Last week you read of my decision and first few hours after switching from an iPhone to a Samsung Galaxy Note 3.
That was on a Thursday.
Friday, the next morning (my birthday by the way) started off with errands. I wanted to be in a good mood. But by noon, after going with one of the triplets for his restricted driving test and running around Botany, I was in a surly mood. Especially with all the fumbling around with the new phone.
I liken it to having spent years on a PC; using Microsoft and being very familiar with the software and knowing how to find the answer to things you don't know. Then you switch - without help or a manual - to a Mac. New controls. New verbiage. All new software, even with the programs you know.
Therefore I did what any smart birthday girl would have done. I turned off the phone. Got rid of the teen. Got rid of Bella, our little Chihuahua that always jumps in my handbag when she sees I'm going out and knows 5 out of 10 time I won't have the heart to leave her home. I took myself out to lunch, had a wee walk along Tamaki Drive, calmed down and went home. Then turned the phone back on.
Just like the old adage that it takes money to make money, you have to invest time to save time - and that meant allocating quiet thoughtful periods to exploring and playing with the phone. I wanted to find out how to do the things I knew the phone could do (from my IPhone years) and how to stop the pesky pains in the backside from occurring - like the search menu popping up every second because you put your finger on the corner of the phone.
I discovered that S Help (Samsung help) is an APP that has to be downloaded. I won't say how darn stupid that is, not having it installed on the phone. 56 megs and 20 minutes later having gone through it; a huge barrier had been lifted. I read through the five categories: new features, the basics, applications and settings. Most with a 'try me' feature. If you have a Galaxy - download your Help now - you'll learn a world of new things and shortcuts I'm sure.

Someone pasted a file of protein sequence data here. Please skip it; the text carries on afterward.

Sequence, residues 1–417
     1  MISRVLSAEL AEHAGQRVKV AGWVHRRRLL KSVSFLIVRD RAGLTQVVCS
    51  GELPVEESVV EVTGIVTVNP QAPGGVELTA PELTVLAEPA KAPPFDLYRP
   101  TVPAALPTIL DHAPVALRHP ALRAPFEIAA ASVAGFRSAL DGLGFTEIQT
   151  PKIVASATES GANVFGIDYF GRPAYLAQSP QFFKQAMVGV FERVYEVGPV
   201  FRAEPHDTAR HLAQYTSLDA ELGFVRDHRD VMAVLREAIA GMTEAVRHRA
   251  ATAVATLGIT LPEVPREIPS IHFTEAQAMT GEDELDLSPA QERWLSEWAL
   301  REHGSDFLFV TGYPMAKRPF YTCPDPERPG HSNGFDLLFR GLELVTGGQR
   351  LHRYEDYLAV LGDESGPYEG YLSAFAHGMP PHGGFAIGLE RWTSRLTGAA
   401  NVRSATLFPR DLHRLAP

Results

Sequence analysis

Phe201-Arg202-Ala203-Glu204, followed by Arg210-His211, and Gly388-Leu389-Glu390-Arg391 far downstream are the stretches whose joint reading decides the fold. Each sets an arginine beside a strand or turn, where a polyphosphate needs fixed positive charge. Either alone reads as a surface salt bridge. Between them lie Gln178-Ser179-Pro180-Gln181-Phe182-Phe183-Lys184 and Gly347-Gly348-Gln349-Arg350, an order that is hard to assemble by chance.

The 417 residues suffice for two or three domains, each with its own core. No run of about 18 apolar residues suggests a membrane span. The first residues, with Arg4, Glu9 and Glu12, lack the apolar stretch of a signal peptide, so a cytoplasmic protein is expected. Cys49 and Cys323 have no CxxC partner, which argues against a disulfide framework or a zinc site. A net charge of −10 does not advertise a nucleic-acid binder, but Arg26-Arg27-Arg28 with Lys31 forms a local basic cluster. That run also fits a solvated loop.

This 20 minute investment and making the time to try and play has lifted a pretty big burden. Although, each application has what seems like infinite tweaks, settings and shortcuts of their own. It was my sister that told me in Gmail to Swipe right to archive the email while in preview. By accident I had left my finger for a moment on the first letter icon that is assigned to whom the email is from in Gmail and it turned into a check mark. That made me realise that you could then select in preview lots of emails in that manner and delete them. Where would I have found those two little shortcuts? It's not a feature of the IPhone Gmail app.
Please don't laugh at me but I wanted to switch to an Android phone for two reasons. Personally because of the size of the screen that I was raving about last week. The second is I needed to learn about the phone as it is one of the main areas I talk about in my speaking and training. As you know I am a HUGE fan of these wee objects of technology convergence in our palms. They offer significant time savings and productivity boosts to business (which I will write about next week).
My summary statement after one week? All smartphone operating systems have a phenomenal amount of built in features and capabilities. It doesn't matter if you use Microsoft Windows, Samsung Android, IPhone Apple or RIM Blackberry.
Similar to us not using even 10% of our computer software functionality, the same goes for smartphones. You'll just painfully sort out how to do the mere basics if you don't sit down and allocate time to explore, learn and try. If you think it can do something or you're having trouble, a 10 second search on your favourite browser will give you the answer.